The year was 1983. Jannard was driving to Los Angeles from San Diego when the idea of Oakley’s first pair of sunglasses struck him. The sunset was glaring over the Pacific Ocean and directly on his left so the sunglasses he was wearing were completely useless at that point.

So, he wondered, “what if he could bring the wraparound style of his goggles into a pair of shades for extra coverage?”

And like a problem solver that he was, he went back to his garage-slash-shop, took some of his goggle lenses, cut out a smaller lens shape, bent some hangers into temple arms, and then taped them all together.

Believe it or not, the final version of this taped up prototype will later be released and become the first sports eyewear sunglasses and end up changing sports forever.

Originally, it was called the Factory Pilots Eyeshades, then eventually changed to just Eyeshades. And in 1985, cycling legend Greg Lemond finished second place at the Tour de France wearing a pair of these bad boys.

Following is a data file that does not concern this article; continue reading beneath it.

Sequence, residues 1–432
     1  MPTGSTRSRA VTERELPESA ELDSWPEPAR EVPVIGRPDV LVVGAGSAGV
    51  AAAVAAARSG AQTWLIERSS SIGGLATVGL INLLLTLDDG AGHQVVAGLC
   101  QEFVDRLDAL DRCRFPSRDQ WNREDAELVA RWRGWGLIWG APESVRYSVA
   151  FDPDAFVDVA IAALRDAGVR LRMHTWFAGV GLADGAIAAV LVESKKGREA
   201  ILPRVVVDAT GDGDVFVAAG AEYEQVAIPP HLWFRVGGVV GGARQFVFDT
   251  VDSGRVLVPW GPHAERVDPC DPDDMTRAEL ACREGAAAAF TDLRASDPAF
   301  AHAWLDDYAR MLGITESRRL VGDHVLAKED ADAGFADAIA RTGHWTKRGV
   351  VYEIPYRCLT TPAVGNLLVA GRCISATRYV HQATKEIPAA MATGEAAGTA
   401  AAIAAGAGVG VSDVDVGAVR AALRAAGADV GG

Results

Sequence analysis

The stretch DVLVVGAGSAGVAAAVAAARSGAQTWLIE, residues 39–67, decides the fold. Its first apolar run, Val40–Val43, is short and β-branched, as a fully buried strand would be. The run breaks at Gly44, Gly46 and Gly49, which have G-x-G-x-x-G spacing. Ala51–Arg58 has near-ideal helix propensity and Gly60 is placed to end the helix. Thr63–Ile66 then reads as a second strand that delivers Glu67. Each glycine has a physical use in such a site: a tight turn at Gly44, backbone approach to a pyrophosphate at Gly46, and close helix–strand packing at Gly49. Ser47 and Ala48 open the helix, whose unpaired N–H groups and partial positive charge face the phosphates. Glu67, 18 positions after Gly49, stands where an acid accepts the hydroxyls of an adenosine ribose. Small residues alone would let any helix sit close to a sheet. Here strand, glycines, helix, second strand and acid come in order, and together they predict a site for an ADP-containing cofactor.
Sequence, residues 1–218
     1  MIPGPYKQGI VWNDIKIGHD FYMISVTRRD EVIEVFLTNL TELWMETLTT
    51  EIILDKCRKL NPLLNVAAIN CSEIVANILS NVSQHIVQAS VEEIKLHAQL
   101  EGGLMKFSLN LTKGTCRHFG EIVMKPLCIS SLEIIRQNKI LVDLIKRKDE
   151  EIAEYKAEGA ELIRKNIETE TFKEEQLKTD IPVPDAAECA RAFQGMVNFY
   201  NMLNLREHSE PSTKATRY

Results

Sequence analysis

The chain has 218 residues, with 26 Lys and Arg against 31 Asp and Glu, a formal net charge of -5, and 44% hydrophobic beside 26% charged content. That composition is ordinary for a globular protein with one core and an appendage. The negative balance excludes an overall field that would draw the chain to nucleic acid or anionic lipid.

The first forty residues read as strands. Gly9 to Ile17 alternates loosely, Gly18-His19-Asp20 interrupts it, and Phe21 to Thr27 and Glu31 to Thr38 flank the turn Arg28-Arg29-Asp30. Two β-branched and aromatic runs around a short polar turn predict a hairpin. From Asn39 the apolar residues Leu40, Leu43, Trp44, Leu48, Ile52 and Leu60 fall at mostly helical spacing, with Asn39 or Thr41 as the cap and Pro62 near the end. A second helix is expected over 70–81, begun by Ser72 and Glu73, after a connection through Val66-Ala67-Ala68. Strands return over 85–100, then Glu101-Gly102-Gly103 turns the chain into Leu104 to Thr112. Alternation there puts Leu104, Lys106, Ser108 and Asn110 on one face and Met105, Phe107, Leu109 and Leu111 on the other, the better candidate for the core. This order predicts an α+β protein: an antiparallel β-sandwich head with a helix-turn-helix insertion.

That’s when Oakley’s popularity rose through the roof. And the rest, like they always say, is history.


4 Most Iconic Oakley Sunglasses

Certainly, the grips, ugly goggles, and taped-up Eyeshades are a thing of the past now.

Oakley had already transformed into this giant eyewear mogul that’s making some of the best sunglasses out there.

Over the years and more than 400 patents later, Oakley has made rounds not only in the athletic world but also in the fashion spectrum. All thanks to its great collection of stylish, functional, and game-changing sunglasses.

Here’s a look back at Oakley’s most memorable sunglasses of all time.

Oakley Blade Line

Just 2 years after Oakley introduced the Eyeshades to the world, the Oakley Blade and Razor Blade were released in 1986 and 1987, respectively.

These original Oakley sunglasses were an attempt to release less sporty-looking sunglasses than the Eyeshades that would appeal to the young and hip crowd of the 80s.